Dark Chapter of Arkansas Prison History
February 16, 2012 12:15 PM   Subscribe

There was a time when we were one of the worst, if not THE worst prison systems in the country. How we got there was simple. It was money. “When I first drove up to the gate in the summer of 1971, my dog was with me in the car. I drove up to a little shack with a guard. The guard was wearing a pistol and I realized he was a prisoner. The only people I saw carrying guns were convicts.” - Photographer Bruce Jackson
posted by thisisdrew (14 comments total) 21 users marked this as a favorite
Tucker Telephone (Wikipedia): a torture device designed using parts from an old-fashioned crank telephone
posted by filthy light thief at 12:21 PM on February 16, 2012 [1 favorite]

Wow, the gentleman in the video sounds just the Strother "the Captain" Martin from Cool Hand Luke.
posted by BurntHombre at 12:43 PM on February 16, 2012

You should read Slavery By Another Name by Douglas Blackmon if you want to read about bad prison systems. There was an organized system throughout the south whereby companies needing free labor would put in a call to the local sheriff, who would then go pull in sufficient young black men on bogus charges of "vagrancy" or "insubordination" or whatever, and then sell them to the companies. Yes, sell -- cash for goods, namely men. This was one of the main sources of income for the counties. The men would disappear into the mines or plantations and never be heard from again. This didn't end in the 1860s; it ended in the NINETEEN 60s.
posted by Fnarf at 12:45 PM on February 16, 2012 [27 favorites]

...wah, Fnarf. That's horrific.
posted by jaduncan at 12:54 PM on February 16, 2012

This didn't end in the 1860s; it ended in the NINETEEN 60s.

I wouldn't be surprised if it is still going on in some places.
posted by steamynachos at 1:03 PM on February 16, 2012 [5 favorites]

Yes, Slavery By Another Name is eye-opening.
posted by scruss at 1:04 PM on February 16, 2012

The order of the photos is fantastic. It starts with all the drawings and stuff, making the place look kinda groovy, then hits you with the guns and the bizarre graffiti and the drawing of a stabbing or whatever's happening. Then, later, there's a picture of all the guys scattering in front of a bull that made me laugh only the guy dressed the same way on a stretcher to shut me up.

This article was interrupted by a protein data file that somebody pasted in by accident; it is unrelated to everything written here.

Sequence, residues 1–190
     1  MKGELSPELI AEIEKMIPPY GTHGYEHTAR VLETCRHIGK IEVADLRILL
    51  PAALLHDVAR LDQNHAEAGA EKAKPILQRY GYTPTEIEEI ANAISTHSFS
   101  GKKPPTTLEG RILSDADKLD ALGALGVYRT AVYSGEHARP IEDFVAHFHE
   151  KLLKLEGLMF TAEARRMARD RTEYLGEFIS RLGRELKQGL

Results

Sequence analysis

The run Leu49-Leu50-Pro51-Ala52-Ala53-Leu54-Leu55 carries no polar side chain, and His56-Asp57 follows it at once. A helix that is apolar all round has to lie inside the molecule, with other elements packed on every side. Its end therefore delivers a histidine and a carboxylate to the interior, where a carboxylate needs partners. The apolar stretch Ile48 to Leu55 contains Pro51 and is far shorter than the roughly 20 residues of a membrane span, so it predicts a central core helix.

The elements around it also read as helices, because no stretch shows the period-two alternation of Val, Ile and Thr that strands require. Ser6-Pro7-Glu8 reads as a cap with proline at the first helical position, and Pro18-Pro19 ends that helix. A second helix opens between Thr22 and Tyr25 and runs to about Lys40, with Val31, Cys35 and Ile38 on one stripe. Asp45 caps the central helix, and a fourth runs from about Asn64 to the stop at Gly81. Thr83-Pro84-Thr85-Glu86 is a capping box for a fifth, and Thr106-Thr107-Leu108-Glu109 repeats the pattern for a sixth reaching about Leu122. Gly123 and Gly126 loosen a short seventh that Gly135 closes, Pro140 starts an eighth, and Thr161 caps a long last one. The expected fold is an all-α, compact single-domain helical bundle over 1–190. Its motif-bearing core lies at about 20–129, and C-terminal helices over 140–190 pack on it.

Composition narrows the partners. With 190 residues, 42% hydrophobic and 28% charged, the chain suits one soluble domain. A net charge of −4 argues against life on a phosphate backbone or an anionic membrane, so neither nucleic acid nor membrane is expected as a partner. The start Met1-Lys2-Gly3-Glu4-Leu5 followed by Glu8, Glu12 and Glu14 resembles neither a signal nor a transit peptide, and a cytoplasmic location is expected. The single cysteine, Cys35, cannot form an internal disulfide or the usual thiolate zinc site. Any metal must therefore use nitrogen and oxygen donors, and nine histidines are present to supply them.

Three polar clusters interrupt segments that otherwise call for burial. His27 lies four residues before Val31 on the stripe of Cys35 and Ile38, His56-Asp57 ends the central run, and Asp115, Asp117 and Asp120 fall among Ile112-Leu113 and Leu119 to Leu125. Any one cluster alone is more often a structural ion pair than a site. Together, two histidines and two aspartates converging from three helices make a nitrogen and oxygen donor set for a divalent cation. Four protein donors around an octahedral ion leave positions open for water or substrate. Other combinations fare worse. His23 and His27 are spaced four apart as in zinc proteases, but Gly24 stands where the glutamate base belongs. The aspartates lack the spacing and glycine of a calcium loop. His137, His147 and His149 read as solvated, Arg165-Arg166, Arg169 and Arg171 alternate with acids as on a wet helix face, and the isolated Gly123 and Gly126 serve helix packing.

posted by cmoj at 1:08 PM on February 16, 2012

Slavery by Another Name just came out as a documentary on PBS (watch here).
posted by jabo at 1:18 PM on February 16, 2012 [10 favorites]

Thanks for that, Jabo. I didn't know.
posted by Fnarf at 1:58 PM on February 16, 2012

Nice, but at least one of those photo's is not safe for work, a NSFW warning would have been handy
posted by benk at 2:42 PM on February 16, 2012

The photos in the final link are really worth a look. Thanks for posting. Feeling a little better about my own employment problems.
posted by not_that_epiphanius at 6:27 PM on February 16, 2012

There are some really outstanding photos in that little doc. It's pretty cliched, but the idea that you can tell a lot about a culture by the way they treat their prisoners rings true. I find this a little strange, but the early prison system in the US is extremely well documented photographically.

My brother is the site director at Eastern State Penitentiary in Philadelphia, which is now a prison museum. At some point they discovered a massive photo archive that documented the history of the prison from day one. There were mug shots of all the prisoners of course, but also things you wouldn't expect to see like the inmates playing baseball, the weapons in the armory, prisoners in the hospital and just everyday life sort of stuff. There is a fantastic collection of scary homemade prison weapons. He wrote a book about the prison photos, this link is the preview from Google Books which actually has a bunch of the photos in it. I'm just amazed that people thought to document prisoners lives so thoroughly, even a century ago.
posted by EvilPRGuy at 6:47 PM on February 16, 2012

Nice, but at least one of those photo's is not safe for work, a NSFW warning would have been handy

America: where you can browse accounts of race exploitation and state-sponsored murder, and yet be surprised to come across something that might offend your boss.
posted by Nahum Tate at 8:16 PM on February 16, 2012 [3 favorites]

Johnny Cash visits Cummins Prison in 1969
posted by thisisdrew at 7:44 AM on February 17, 2012

« Older Rosetta Code   |   But does he drink Dos Equis? Newer »

This thread has been archived and is closed to new comments